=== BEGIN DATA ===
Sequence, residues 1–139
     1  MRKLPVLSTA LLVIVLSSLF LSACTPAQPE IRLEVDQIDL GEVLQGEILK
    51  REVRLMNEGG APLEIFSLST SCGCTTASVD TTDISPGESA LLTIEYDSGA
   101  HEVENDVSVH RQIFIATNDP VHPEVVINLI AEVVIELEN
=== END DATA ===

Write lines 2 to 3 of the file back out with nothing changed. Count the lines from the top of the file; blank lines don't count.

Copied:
     1  MRKLPVLSTA LLVIVLSSLF LSACTPAQPE IRLEVDQIDL GEVLQGEILK
    51  REVRLMNEGG APLEIFSLST SCGCTTASVD TTDISPGESA LLTIEYDSGA